10 – Focusing on Infrastructure

I’ve already mentioned the common mistake of focusing on the database at the start. Another mistake is to focus on infrastructure concerns at the modelling stage. An example of this could be taking a data feed from a device. You should define the shape of the data for your system. Then use adapters to ensure whatever service feeds you data, is transformed into the correct format.

If all that wasn’t enough, here is a bonus one…

BONUS: 11 – Skipping the EventStorming Process

EventStorming is often overlooked by developers. It involves a different kind of skill set. It can be hard to get the right people in the room. And there are no guarantees you will come up with something useful. The reason I’ve added it is it is something well worth doing. If you want to speed up the design process. If you want the best chance of spotting those ‘seems’ in the domain as early as possible. If you want to get buy in. If you want involvement. Both crucial elements of a successful project. Then don’t miss out the EventStorm.

Health Warning: It may be DDD is not the right approach for the system you are building. In which case the advice above would not necessarily apply.

Making mistakes is part of programming. Spotting them early can save you time. I’ve started to notice a common set of ‘DDD Mistakes’ which many of us seem to make. And yes, I’ve made them all at some point in my career. This is by no means the definitive list – I’m sure there are more.Continue reading

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How To Validate Commands in a CQRS Application

Any of these sound familiar?

Rubbish in rubbish out.

Never trust user input.

If you’ve ever built any sort of professional application you will have had to validate user input. Whether it is to ensure a valid email address or something more complicated. There are tried and tested ‘rules’ for doing this safely while being nice the user.

  1. Validate on the client side – makes for a better user experience
  2. And validated on the server – never trust user input

But here’s a question..

If you issue commands rather than send in models, where should the validation occur?

The most obvious answer is in the domain model.

But this poses a problem…Continue reading

Why Private C# Variables are Not as Private as You Thought

Why C# Private Variables are Not as Private as you Thought

C# private fields are not accessible outside the class. It’s C# 101 right?

Which means this code should not work…

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Is a CQRS Command = to a GoF Command?

Oh the irony.

The DDD community advocates for unambiguous language. And yet even our own terms are heavily overloaded. Whether it’s on stackoverflow like here or on the DDD/CQRS google group like here.

So, just to be clear …

… a CQRS command is not the same as the Gang Of Four Command Pattern.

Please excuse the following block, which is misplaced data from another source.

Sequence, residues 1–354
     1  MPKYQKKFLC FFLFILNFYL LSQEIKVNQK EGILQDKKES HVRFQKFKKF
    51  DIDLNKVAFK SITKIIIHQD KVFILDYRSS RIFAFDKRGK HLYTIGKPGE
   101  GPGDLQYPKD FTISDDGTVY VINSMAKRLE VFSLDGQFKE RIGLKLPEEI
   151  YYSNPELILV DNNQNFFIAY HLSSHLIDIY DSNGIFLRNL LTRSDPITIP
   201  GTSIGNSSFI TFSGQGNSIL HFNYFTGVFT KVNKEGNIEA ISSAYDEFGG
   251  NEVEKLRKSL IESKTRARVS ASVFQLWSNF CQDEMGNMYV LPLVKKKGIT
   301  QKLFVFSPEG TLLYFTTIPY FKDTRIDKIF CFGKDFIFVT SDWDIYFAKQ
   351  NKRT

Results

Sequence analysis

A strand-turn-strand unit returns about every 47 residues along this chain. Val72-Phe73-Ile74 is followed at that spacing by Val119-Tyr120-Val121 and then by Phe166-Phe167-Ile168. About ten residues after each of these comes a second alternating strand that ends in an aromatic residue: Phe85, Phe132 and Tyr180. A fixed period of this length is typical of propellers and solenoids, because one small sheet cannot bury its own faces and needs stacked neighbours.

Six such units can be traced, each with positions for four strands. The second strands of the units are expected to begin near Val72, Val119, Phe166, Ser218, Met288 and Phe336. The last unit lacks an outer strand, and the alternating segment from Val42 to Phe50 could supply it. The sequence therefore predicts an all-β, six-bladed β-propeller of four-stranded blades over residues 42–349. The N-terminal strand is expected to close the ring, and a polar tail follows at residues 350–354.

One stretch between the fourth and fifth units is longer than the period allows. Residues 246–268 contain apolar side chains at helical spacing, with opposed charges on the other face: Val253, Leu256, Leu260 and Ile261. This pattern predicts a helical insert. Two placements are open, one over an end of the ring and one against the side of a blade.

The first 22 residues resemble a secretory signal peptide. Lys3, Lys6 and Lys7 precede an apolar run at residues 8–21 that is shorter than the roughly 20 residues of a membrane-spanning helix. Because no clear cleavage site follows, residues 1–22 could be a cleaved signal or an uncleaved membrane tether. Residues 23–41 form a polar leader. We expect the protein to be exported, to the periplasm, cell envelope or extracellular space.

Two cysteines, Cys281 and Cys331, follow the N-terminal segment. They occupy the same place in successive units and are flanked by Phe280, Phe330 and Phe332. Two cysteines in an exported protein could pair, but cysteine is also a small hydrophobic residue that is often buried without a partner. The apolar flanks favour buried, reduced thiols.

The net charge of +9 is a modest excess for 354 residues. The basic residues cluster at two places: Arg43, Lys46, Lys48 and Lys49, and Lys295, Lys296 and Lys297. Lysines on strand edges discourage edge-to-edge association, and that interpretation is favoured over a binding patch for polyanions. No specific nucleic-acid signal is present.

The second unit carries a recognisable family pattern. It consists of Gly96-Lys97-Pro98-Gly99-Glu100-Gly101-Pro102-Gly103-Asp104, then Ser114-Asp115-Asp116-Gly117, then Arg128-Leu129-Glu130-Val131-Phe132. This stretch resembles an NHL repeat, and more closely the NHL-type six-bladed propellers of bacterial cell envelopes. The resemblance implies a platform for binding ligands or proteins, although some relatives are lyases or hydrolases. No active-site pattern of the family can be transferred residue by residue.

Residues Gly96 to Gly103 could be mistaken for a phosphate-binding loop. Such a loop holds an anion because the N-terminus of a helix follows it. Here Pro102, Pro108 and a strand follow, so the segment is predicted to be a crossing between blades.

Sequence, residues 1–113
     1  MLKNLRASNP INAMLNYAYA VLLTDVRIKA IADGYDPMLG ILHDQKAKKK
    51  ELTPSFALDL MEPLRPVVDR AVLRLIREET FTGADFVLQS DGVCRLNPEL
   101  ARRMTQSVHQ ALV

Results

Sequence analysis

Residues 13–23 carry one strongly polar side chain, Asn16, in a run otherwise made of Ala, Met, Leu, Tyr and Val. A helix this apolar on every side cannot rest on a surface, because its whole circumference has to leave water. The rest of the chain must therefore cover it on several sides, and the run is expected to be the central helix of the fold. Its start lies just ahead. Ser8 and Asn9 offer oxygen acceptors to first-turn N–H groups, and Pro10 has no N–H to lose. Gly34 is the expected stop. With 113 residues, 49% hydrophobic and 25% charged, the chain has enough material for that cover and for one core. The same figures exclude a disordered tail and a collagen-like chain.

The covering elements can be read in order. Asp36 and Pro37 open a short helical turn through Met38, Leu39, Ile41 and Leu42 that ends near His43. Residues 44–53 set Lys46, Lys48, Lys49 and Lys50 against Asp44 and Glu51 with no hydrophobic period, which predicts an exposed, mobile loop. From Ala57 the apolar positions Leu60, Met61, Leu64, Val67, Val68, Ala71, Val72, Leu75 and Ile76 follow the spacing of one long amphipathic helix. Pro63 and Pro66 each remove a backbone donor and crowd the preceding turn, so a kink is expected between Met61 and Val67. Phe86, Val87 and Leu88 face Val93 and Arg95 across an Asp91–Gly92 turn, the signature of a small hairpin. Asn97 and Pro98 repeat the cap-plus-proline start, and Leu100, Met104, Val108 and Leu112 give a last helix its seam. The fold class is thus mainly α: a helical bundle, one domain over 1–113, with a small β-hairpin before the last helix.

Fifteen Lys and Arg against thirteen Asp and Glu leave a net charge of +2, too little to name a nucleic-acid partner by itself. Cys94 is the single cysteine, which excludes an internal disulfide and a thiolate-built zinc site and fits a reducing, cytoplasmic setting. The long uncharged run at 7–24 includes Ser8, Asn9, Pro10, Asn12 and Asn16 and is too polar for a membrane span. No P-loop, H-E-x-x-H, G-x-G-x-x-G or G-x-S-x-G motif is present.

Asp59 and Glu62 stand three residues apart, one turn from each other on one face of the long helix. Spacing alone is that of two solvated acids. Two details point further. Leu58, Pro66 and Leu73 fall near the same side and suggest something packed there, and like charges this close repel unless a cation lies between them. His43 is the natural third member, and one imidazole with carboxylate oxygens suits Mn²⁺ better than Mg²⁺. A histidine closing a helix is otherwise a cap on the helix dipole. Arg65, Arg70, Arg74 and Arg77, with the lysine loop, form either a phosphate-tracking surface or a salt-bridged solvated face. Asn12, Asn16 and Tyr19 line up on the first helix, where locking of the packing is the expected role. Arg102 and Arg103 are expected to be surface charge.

But what are the differences and how best to use them? This is what I’ll cover in this post.
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How to Send Emails the Right Way in a CQRS System

Where do you put code for sending emails? Sounds simple right? The funny thing is that if you’re adding it to a CQRS system it can be a little tricky.

Why?

It all depends on when you send them. Too early and other processes may fail and you end up sending your email half cocked. And don’t forget event replay. Could be a bit embarrassing re-sending all the emails since your app launched. I was a hairs whisker away from doing just that once!

So, in a CQRS ES system, where do you put the code to send the emails?Continue reading

4 Secrets to Inter-Aggregate Communication in an Event Sourced System

Ok, so you have two event sourced aggregate roots. You need to call a method in one from the other. How do you do it?

If you find your self asking this question, don’t worry, your not alone. It comes up a lot.

The short answer – it suggests there could be something wrong with your aggregate root (AR) boundaries.Continue reading

Aggregate Root - How to Build One for CQRS and Event Sourcing

Aggregate Root – How to Build One for CQRS and Event Sourcing

An aggregate root is at the heart of your domain. I am going to dissect a simple implementation of an Aggregate Root and reveal how it works in a CQRS and Event Sourced system. Before we dive in, we need to fly through some terms often used in DDD.Continue reading

Is a 100% Provable Audit Log Possible? – Hint, with Event Sourcing it Is and I’ll Show You How

If you’ve been developing for any length of time you’ve probably had to create an audit log. Here’s the question though, are any of these logs, a 100% provable audit of all changes in the system? I’m guessing not. With event sourcing, a 100% provable event log just happens to be a handy by product. So how does it work and how can you implement it?

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Eventual consistency

4 Ways to Handle Eventual Consistency on the UI

Ever tried to hold a writhing slippery eel in your hands? In case you haven’t, its hard. Building a UI for a CQRS system needn’t be that tricky but you do need to contend with some interesting challenges:

  1. The commands ‘complete’ far faster than you may expect –  compared to a consistent application.
  2. The read model is ‘eventually consistent’.

But what is ‘eventual consistency’? ‘Eventual consistency’ is when a read of the data store may return stale results. That is a command has completed but the data store is not yet reflecting the change. This state in a typical line of business application can last for ten’s to the mid hundreds of milliseconds. The actual time is dependant on the specifics of the application. This presents a challenge for designing the user experience. Here are 4 possible approaches to solving this issue.Continue reading